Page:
Broadcasting rights have always been a huge part of traditional sporting events and the Premier League is no different, with Sky Sports holding the majority of the rights for broadcasting it presents a difficult option for fans who either can’t pay for the service or who are international viewers and may be unable to watch the games – but the shift last year for some games to Amazon Prime is the first sign of change to big broadcasting, but does this mean the future of the Prem could be in online streaming, rather than broadcast TV?
The current deal held by Sky to host the majority of games is over £4 billion for a three-year deal, with the current three-year 20 games Amazon deal close to what BT had paid at £90 million, so there is certainly quite the gap to bridge with funding, not that it would be difficult for Amazon to put that sort of capital in. Early figures had certainly been good too as Prime reported millions of viewers across the first showings of Premier League games back in 2019, and similar throughout 2020 despite the early disruptions. It’s hard to understate the significance, however, being the first time Premier League has moved away from traditional TV and with the first attempt at least looking very successful – with a few wrinkles to iron out.
The biggest is within the streaming delay that is inherent with all live events – if you have goal alerts or something similar, you may be alerted before you see it through the Livestream simply because of the lag that happens through online broadcasting – there has been an apparent fix found for this, but could certainly take a longer period of time to be implemented. On top of this, there’s the additional cost for streaming too through Amazon – whilst this can be had as part of the delivery package or a little cheaper for streaming alone, it adds another cost to the mounting streaming costs many are already facing, and for those already paying for Sky Sports and BT, it can be a bit of a frustration to watch additional games. If Amazon are able to bring the entire Premier League under one banner, however, it’ll provide much easier access to a growing audience for a much cheaper price.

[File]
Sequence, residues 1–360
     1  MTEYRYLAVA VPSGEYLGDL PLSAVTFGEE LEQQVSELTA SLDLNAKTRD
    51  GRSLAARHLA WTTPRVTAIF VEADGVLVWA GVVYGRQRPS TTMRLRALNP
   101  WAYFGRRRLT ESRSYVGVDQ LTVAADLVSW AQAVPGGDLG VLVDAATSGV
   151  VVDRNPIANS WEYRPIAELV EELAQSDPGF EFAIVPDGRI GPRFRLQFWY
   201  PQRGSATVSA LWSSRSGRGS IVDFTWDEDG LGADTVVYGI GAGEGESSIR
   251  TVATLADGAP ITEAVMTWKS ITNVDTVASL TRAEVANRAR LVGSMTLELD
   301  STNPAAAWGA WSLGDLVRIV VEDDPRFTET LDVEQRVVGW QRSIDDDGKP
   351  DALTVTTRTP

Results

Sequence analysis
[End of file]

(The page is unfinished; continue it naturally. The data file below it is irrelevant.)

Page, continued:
It could certainly help other markets, however, particularly the betting market which has seen many land-based locations change in favour of online alternatives, and with the growing presence of online entertainment and media – when looking for some betting options not blocked by initiatives such as GameStop, there are also many more available with the latest big push for online options, and would certainly benefit from the successes of the Premier League change to live streaming over TV broadcasting.